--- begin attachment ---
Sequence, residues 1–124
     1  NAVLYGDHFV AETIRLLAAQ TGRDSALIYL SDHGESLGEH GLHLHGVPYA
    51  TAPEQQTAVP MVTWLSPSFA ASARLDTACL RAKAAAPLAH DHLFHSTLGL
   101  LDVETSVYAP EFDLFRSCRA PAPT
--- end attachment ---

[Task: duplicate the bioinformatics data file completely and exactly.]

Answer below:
Sequence, residues 1–124
     1  NAVLYGDHFV AETIRLLAAQ TGRDSALIYL SDHGESLGEH GLHLHGVPYA
    51  TAPEQQTAVP MVTWLSPSFA ASARLDTACL RAKAAAPLAH DHLFHSTLGL
   101  LDVETSVYAP EFDLFRSCRA PAPT